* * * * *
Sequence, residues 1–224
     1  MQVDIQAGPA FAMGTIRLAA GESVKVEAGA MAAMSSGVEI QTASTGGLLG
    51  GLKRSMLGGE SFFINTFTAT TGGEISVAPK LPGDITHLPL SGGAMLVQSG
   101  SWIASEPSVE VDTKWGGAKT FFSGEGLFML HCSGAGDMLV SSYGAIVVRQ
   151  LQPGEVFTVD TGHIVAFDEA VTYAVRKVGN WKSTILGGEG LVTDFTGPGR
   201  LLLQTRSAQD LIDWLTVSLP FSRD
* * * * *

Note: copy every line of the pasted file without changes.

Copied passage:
Sequence, residues 1–224
     1  MQVDIQAGPA FAMGTIRLAA GESVKVEAGA MAAMSSGVEI QTASTGGLLG
    51  GLKRSMLGGE SFFINTFTAT TGGEISVAPK LPGDITHLPL SGGAMLVQSG
   101  SWIASEPSVE VDTKWGGAKT FFSGEGLFML HCSGAGDMLV SSYGAIVVRQ
   151  LQPGEVFTVD TGHIVAFDEA VTYAVRKVGN WKSTILGGEG LVTDFTGPGR
   201  LLLQTRSAQD LIDWLTVSLP FSRD